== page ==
SA: When you’re new to a company and working remotely, there are social interactions that are missing like water cooler conversations or even running into someone in the bathroom and chatting. It’s easy to fall into the habit of being transactional and only contacting people when you need their input on something.  You want to do little things like signing into a Zoom call three minutes before it starts, just so you can have a personal conversation. Think of it as entering a conference room early, before a meeting. I’ve also tried setting up co-working hours with colleagues, where we keep our videos on, but do our own work independently. It’s about creating that office vibe that encourages spontaneous interactions. 

How would you advise remote workers, especially interns, to approach online training and webinars?

SA: When I worked in HR, I specialized in training and development and if there’s one thing I can say, it is that people who take advantage of these opportunities are always able to build much better networks within organizations than people who don’t.

Aside from what you actually learn, when you attend a workshop, even remotely, you end up interacting with people in your organization that you don’t normally interact with. And that helps you build connections that could really pay off for you later. If you want a project with a different team and already know someone there, or if you interned at a company and are trying to lock down a full time role, then suddenly you have a whole group of people from within vouching and advocating for you.

As an intern, interacting with senior executives is an important way to make an impression and become memorable. How can an intern do that remotely?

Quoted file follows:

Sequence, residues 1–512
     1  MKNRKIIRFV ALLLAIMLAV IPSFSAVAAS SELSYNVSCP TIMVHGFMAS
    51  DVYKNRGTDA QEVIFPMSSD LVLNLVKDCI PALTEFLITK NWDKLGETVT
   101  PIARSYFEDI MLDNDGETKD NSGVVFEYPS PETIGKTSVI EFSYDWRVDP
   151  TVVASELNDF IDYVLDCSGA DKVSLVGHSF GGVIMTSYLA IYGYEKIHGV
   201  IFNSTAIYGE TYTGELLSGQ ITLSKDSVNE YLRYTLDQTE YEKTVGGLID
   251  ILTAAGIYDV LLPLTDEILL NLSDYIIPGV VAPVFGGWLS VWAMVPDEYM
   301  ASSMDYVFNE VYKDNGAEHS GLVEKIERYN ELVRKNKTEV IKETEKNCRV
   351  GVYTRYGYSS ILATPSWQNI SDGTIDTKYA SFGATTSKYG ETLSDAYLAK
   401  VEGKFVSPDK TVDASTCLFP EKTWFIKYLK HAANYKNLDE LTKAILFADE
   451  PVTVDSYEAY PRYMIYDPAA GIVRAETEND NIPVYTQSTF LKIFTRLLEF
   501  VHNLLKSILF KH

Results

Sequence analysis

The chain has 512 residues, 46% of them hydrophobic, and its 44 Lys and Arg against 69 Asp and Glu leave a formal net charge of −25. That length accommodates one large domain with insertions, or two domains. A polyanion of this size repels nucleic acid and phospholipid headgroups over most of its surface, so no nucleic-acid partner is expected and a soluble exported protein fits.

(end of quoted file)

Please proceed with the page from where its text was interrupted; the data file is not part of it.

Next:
SA: Be vocal with your ideas. You were hired for a reason. Bring your fresh thinking and new ideas to the virtual table. Whether it’s a technical solution to a business problem or a virtual team-bonding idea. Don’t be shy to say, “Have we ever considered this approach…?” or “ I’ve tried this ice-breaker game before and it’s been a lot of fun - I recommend it for our team.”

A lot of students have seen their in-person interviews shift online over the past few months, because of the pandemic. But remote work and interviewing is likely to become the new normal. How should young people be preparing for remote work interviews?

SA: You want to be just as professional on a video call as you would be in person. Wear the appropriate business attire, prepare your answers to the top 5-10 questions you think you may be asked (use the STAR formula to tell these stories/answer questions: Situation, Task, Action, Result). Don’t forget to write down the questions you want to ask your interviewers (information that you can’t find on their website). Also, download the appropriate video platform software in advance that you’ll need for your interview. Remember that forward thinking companies who want to attract the best talent, will be open to giving employees the flexibility to work remotely, regardless of where they live. 

Tamara Mathias